“It’s interesting. These are really ignored by employers because they don’t realize how valuable they can be,” Geaney said. “The first clear benefit is that you get medical information that could directly bear on whether the applicant can perform the essential functions of the job.”
That is important for any employer since a job that involves physical labor may be beyond the abilities of the particular applicant. Geaney advises his employer clients to have a broad-based questionnaire for the post-offer medical exam.
“You have to look at it from the standpoint of trying to determine if someone can do the job,” he said. “So it’s not enough just to ask, ‘Can you do the job?’”
Among the questions, for example, would be whether the person has been on pain medications. “Very often [pain] is the cause of a work injury,” Geaney said. “In our state, a very high percentage of pain management is workers’ comp-related. … The questions are designed to flesh out whether the person has a medical problem that could affect the job.”
But there are additional advantages of post-offer medical exams from a workers’ comp standpoint.
“Even if you do hire 10 employees after this process, in a number of years many of them will have injuries,” Geaney said. “If you have post-offer medical exam information and you have retained it confidentially, you can look at that data and try to determine if this problem has come up … if it is due to work, or a continuation of a preexisting condition.”
In addition, there is the issue of the payer potentially recouping money through a credit. While many states pay workers’ comp benefits according to the amount of time an injured worker is off the job (so-called wage loss states), about half of states base their benefits on a rate chart based on the person’s loss of function. Post-offer medical exams are especially helpful in the states that utilize a functional loss component to determine workers’ comp benefits.
Legal Issues Can Arise
Despite their advantages, post-offer medical exams cannot be done haphazardly. For example, payers should understand that the Americans with Disabilities Act eliminated the potential for discrimination by changing the timing of the medical exam.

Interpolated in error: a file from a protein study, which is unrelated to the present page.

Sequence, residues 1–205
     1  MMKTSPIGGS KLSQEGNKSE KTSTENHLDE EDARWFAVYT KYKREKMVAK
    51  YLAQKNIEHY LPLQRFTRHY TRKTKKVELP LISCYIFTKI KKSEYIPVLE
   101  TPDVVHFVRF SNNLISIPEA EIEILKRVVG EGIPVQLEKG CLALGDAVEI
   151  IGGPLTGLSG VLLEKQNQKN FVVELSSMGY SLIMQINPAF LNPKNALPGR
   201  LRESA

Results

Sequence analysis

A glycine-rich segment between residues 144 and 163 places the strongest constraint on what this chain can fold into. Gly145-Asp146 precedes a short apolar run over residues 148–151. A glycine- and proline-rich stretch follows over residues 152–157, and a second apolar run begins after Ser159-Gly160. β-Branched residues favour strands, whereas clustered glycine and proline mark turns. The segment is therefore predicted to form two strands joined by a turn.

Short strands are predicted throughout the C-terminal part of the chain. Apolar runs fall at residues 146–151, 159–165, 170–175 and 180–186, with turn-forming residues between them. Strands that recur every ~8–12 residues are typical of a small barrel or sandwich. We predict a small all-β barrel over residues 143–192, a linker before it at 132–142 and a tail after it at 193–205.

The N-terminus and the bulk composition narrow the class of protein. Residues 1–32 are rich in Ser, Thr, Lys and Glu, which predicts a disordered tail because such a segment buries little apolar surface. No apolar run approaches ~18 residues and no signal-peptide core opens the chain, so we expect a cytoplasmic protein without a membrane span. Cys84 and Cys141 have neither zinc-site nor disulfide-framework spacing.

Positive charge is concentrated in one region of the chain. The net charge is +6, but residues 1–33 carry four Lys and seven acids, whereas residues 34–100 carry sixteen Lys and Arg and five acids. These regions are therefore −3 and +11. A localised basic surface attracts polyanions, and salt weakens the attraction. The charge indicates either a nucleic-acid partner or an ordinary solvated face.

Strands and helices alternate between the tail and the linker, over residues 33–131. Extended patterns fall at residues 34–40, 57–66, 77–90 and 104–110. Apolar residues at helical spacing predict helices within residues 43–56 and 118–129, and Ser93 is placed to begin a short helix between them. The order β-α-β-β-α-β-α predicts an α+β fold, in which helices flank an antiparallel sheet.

“We call them post-offer medical exams. That was the whole point of the ADA; an employer could not ask any questions preemployment,” Geaney explained. “But they can make an offer and condition it on getting a medical exam, and potentially withdraw the offer if they have a valid basis.”
A “valid basis” for withdrawing an offer means it must be a business reason, he explained. There must be a direct business relationship between the evidence seen and the job offer.
“The employer can withdraw the job offer if it can show that the employee cannot perform the essential job functions or if he poses a direct threat of harm to oneself or others,” Geaney said. “Reasonable accommodations need to be considered for an applicant with a disability.”
The medical exams must be consistent, meaning everyone in the same job category must be asked the same questions. But the post-offer medical exam can include questions on nearly anything.
“The Equal Employment Opportunity Commission says that there is no real limit on questions that can be asked,” Geaney said. “For example, if you’re being hired for a physical job, I could ask if you’ve had car accidents or chiropractic treatment — indicating neck, back or shoulder [problems]. I could ask if you have had an MRI. All this information could be very helpful.”
Family Medical History Is Off Limits
Attorney John H. Geaney advocates the use of post-offer medical exams by employers. However, he does not recommend employers ask questions that are related to family medical history.
“The idea that you need to know someone’s family medical history is a fallacy,” Geaney said. “You don’t.”
A New York-based rehabilitation center found that out the hard way. A case by the Equal Employment Opportunity Commission resulted in a penalty of $370,000 against the facility for allegedly violating the Genetic Information Nondiscrimination Act, the Americans with Disabilities Act Title I, and Title VII.
The EEOC said the company required employees and applicants to complete a family history section on an occupation and environmental health services patient history form. The EEOC claimed the company terminated two employees it regarded as having a disability, terminated another after it failed to provide her a reasonable accommodation during her probationary period, and retaliated against several others because they were pregnant.
GINA generally prohibits employers from requesting, requiring, or purchasing genetic or family medical information about employees or applicants.